Methylation of Histone H3 on Lysine 79 Associates with a Group of Replication Origins and Helps Limit DNA Replication Once per Cell Cycle
Haiqing Fu, Alika K. Maunakea, Melvenia M. Martin, Liang Huang, Ya Zhang, Michael Ryan, RyangGuk Kim, Chii Meil Lin, Keji Zhao, Mirit I. Aladjem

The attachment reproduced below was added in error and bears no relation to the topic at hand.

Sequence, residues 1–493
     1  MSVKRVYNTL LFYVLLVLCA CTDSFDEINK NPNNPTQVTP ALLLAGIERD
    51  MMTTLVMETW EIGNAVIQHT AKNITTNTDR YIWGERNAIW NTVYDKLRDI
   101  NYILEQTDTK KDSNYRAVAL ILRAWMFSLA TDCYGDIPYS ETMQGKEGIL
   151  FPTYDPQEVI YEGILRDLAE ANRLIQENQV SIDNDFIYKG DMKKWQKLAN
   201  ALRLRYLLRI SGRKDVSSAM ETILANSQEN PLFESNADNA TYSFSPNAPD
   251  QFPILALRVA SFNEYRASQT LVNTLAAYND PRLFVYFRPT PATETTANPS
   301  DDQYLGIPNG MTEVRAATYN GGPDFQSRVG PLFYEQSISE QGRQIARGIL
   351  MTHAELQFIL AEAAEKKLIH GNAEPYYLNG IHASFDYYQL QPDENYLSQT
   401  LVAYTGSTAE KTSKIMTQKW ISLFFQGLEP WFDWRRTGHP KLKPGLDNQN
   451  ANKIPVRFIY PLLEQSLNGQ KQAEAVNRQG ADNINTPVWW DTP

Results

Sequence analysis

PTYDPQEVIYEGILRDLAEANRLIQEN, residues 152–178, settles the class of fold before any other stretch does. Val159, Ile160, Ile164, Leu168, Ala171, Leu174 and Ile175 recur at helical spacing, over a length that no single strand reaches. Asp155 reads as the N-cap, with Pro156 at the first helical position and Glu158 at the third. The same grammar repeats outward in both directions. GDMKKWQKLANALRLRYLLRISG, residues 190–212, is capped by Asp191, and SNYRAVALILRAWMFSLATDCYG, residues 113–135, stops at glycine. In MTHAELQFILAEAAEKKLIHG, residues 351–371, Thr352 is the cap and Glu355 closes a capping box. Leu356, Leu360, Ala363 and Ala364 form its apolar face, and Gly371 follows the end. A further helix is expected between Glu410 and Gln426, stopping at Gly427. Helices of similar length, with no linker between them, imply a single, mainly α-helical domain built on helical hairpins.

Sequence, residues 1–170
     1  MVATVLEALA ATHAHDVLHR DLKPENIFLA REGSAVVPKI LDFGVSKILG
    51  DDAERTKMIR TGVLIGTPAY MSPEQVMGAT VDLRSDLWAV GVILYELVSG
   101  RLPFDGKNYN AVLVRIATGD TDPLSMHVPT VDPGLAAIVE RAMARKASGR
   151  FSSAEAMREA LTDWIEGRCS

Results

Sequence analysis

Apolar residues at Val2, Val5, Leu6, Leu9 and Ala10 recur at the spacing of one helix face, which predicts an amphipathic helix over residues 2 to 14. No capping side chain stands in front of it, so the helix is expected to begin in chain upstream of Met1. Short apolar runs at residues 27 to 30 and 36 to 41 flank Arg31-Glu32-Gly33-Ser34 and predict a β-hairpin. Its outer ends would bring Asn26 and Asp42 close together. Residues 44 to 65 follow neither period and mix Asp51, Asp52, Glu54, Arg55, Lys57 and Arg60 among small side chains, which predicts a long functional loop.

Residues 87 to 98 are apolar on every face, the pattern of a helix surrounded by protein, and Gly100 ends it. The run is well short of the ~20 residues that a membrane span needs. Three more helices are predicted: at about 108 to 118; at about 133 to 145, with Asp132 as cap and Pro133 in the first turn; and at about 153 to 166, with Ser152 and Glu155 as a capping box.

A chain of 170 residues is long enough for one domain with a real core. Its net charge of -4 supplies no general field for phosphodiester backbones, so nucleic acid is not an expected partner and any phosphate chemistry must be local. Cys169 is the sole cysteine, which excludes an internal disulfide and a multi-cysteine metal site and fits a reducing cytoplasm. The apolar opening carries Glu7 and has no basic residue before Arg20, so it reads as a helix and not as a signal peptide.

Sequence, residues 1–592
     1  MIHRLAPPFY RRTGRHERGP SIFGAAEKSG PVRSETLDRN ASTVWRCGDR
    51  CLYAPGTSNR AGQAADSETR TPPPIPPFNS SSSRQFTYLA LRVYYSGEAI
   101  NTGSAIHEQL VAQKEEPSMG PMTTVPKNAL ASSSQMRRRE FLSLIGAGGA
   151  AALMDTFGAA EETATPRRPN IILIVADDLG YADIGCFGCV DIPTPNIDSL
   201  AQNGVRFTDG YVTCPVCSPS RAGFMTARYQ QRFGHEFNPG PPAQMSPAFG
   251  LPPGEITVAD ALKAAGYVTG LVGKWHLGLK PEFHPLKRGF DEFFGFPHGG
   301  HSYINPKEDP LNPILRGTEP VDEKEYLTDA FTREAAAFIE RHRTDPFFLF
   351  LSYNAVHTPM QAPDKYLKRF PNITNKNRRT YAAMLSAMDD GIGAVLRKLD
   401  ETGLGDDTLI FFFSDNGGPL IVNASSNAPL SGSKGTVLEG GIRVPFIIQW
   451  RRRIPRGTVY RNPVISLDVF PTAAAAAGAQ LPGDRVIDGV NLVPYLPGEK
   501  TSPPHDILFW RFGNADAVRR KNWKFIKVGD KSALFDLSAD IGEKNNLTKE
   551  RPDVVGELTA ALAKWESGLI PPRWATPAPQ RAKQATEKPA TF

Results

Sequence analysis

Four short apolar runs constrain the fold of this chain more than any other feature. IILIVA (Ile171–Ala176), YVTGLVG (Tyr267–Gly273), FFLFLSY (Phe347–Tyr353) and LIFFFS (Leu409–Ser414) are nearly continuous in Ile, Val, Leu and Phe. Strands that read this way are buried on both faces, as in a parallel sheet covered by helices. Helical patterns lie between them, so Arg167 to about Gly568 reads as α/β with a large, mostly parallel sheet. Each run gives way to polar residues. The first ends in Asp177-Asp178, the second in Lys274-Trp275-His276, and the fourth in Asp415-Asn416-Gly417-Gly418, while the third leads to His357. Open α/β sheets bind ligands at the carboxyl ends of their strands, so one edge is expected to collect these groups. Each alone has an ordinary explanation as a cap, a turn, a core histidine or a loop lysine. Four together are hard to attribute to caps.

Mammalian DNA replication starts at distinct chromosomal sites in a tissue-specific pattern coordinated with transcription, but previous studies have not yet identified a chromatin modification that correlates with the initiation of DNA replication at particular genomic locations. Here we report that a distinct fraction of replication initiation sites in the human genome are associated with a high frequency of dimethylation of histone H3 lysine K79 (H3K79Me2). H3K79Me2-containing chromatin exhibited the highest genome-wide enrichment for replication initiation events observed for any chromatin modification examined thus far (23.39% of H3K79Me2 peaks were detected in regions adjacent to replication initiation events). The association of H3K79Me2 with replication initiation sites was independent and not synergistic with other chromatin modifications. H3K79 dimethylation exhibited wider distribution on chromatin during S-phase, but only regions with H3K79 methylation in G1 and G2 were enriched in replication initiation events. H3K79 was dimethylated in a region containing a functional replicator (a DNA sequence capable of initiating DNA replication), but the methylation was not evident in a mutant replicator that could not initiate replication. Depletion of DOT1L, the sole enzyme responsible for H3K79 methylation, triggered limited genomic over-replication although most cells could continue to proliferate and replicate DNA in the absence of methylated H3K79. Thus, prevention of H3K79 methylation might affect regulatory processes that modulate the order and timing of DNA replication. These data are consistent with the hypothesis that dimethylated H3K79 associates with some replication origins and marks replicated chromatin during S-phase to prevent re-replication and preserve genomic stability.